One of the first things new farmers, or people thinking about farming must do is define their goals. Of these goals, few are as important as whether or not you want a business or a hobby, because there's a big difference.
Decide if organic farming is a realistic business endeavor or simply something you'd like to do in order to feed your family, have fun or help the community.
Red flags that you ARE NOT thinking like a business owner:
- You only want to grow enough food for your family.
- Growing food and giving it away to help the community is a top priority.
- You're going into organic farming in order to make the world a better place.
- You think organic farming would make a fun hobby.
- Organic farming seems like a fun lifestyle choice.
- You hate dealing with money and paperwork.
- You can't imagine charging people for your crops.
There's nothing wrong with the above thoughts, but they do show that maybe you're more inclined to hobby farming than running an actual profitable farm. Sometimes people get into organic farming with intentions of doing both - helping the world and making a profit, but the two sides don't always fit together.
Some farms manage to be able to do both; turn a nice profit and help others by donating food or time, but not without a lot of hard work, and almost never in the beginning. For example, Liz Smith, a successful organic farmer points out that, "Aspiring farmers should remember that farming is a business first." Liz goes on to say:
"One farmer I know wants to grow affordable food for the community. He sells crops for less than he should. Because of that he's not a successful farmer. In the long run he could set aside a fund to help people afford food. Since he's not thinking of farming as a job first, he may not get the chance. Take care of yourself first if you also want to help others."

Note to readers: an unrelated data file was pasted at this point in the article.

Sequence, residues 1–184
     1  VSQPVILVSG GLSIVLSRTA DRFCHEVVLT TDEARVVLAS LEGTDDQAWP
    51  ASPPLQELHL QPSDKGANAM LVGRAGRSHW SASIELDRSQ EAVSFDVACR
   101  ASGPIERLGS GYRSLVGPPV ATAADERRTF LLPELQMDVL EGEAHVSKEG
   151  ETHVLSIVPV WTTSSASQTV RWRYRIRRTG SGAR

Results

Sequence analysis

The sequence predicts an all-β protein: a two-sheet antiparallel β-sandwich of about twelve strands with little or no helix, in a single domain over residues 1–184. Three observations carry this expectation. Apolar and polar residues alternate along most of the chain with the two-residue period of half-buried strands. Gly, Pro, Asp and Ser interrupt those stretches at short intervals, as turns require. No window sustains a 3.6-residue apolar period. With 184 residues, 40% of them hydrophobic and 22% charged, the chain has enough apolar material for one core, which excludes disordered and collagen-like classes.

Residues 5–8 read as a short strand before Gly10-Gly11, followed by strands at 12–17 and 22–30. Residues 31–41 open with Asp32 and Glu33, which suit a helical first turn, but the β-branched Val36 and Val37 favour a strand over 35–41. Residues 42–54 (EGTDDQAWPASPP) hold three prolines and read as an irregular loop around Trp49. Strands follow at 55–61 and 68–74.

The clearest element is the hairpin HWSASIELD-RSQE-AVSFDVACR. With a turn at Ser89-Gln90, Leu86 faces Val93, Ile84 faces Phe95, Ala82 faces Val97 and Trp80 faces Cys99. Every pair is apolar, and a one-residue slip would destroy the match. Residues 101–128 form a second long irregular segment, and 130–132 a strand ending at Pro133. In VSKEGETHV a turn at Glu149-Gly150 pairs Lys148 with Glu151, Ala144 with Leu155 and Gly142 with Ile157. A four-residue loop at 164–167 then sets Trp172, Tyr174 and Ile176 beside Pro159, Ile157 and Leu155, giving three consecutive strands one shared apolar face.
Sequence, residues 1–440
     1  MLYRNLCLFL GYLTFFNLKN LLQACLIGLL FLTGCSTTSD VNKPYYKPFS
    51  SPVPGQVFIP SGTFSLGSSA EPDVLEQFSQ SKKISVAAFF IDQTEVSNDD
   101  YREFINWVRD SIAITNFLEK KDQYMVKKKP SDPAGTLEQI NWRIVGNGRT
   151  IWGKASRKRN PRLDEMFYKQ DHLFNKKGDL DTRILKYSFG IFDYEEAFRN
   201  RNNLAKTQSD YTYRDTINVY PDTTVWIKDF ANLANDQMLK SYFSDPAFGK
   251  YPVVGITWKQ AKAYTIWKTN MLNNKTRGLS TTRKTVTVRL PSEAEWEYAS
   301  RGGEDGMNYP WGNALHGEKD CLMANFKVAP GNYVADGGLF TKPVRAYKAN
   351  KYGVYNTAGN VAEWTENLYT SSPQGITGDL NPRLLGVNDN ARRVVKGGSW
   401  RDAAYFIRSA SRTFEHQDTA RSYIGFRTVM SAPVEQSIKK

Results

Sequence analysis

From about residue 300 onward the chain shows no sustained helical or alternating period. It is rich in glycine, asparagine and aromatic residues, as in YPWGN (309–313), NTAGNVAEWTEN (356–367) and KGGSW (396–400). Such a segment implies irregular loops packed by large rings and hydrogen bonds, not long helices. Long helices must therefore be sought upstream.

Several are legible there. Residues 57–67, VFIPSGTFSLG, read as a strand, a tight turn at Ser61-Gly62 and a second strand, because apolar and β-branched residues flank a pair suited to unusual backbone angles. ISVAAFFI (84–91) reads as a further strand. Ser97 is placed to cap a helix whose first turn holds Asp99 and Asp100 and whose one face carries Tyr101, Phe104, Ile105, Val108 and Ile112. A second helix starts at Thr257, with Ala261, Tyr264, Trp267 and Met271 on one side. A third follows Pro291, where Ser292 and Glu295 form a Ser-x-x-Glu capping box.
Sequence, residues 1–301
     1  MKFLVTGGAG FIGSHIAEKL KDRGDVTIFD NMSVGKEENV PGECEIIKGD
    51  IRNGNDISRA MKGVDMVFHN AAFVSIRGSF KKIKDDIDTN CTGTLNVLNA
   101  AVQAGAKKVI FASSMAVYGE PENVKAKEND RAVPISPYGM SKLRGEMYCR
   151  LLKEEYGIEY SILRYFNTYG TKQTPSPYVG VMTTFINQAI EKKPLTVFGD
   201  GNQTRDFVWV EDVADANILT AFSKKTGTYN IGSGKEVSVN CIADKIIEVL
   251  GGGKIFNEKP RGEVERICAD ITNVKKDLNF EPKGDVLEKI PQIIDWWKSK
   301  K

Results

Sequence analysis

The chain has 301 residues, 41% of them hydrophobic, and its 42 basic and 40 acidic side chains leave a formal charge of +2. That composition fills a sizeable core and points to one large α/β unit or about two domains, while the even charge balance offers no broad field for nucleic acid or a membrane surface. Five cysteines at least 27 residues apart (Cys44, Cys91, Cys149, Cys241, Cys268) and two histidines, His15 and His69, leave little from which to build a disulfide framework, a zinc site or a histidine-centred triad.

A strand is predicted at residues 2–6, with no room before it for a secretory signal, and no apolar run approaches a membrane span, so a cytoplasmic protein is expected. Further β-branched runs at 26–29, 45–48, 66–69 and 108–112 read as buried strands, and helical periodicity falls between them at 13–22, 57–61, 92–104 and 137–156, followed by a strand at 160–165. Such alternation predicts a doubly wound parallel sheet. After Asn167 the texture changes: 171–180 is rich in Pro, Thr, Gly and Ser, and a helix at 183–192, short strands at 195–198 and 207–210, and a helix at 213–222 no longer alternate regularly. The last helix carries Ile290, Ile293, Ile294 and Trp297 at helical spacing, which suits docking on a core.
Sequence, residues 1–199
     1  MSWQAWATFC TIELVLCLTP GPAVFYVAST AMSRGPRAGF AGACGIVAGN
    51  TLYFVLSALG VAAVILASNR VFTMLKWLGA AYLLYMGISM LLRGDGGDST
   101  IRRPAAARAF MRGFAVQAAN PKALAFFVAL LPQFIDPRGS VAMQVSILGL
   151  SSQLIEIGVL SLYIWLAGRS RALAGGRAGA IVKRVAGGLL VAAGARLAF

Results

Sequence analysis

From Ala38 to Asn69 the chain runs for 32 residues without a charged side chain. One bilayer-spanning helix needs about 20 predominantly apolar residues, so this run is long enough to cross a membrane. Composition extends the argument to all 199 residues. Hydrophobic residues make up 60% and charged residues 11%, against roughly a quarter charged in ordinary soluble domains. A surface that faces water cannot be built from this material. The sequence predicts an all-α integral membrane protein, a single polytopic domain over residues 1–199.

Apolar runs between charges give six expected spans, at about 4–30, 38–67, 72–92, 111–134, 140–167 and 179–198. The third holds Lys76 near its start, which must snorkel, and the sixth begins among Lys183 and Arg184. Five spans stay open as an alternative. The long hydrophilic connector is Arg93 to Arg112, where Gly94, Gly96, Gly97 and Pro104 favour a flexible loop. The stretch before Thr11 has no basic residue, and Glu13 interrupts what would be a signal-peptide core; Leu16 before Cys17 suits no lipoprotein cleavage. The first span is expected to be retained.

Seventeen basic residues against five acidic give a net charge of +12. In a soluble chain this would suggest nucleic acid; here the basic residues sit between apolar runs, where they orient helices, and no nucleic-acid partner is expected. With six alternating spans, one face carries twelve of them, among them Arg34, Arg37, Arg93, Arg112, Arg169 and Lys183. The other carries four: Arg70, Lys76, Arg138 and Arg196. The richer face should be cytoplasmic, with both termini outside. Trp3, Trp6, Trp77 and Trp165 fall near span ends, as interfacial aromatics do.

Liz's advice is excellent for new farmers. If you do want to eventually make a difference, it's smart to pay attention to your own needs, and the farm's needs first. It's great to want to give back, and with enough profit you'll be able to, but if you dip into resources you need to live on and run your farm, soon you'll no longer have the farm.
Signs you ARE thinking about organic farming as a business owner:
- You're willing to deal with the money end of farming.
- You know you should charge reasonable prices for your goods.
- Paperwork may be kind of scary, but you're willing to learn how to manage it.
- You have clearly defined your farming goals and located potential organic buyers.
- Organic farming seems like fun, but also seems like a lot of hard work.
- You're ready to learn as much as you can about organic farming, both the growing and business side.
Again, there is nothing wrong with organic farming for fun, charity or simply because you feel it's your calling, but really keep in mind that hobby farms and business farms are different goals.
Interested in running a real organic farm business?
This website is packed with information for business minded organic farmers. Take a look at the following to get started:
- Do Small Organic Farms Need to be Certified Organic?
- Is Organic Farming for You?
- Getting Certified Organic
- Selling Organic Farm Goods
Interested in organic hobby farming?
If you feel that you're more inclined to hobby farming or organic farming for fun, there are plenty of resources to help you out.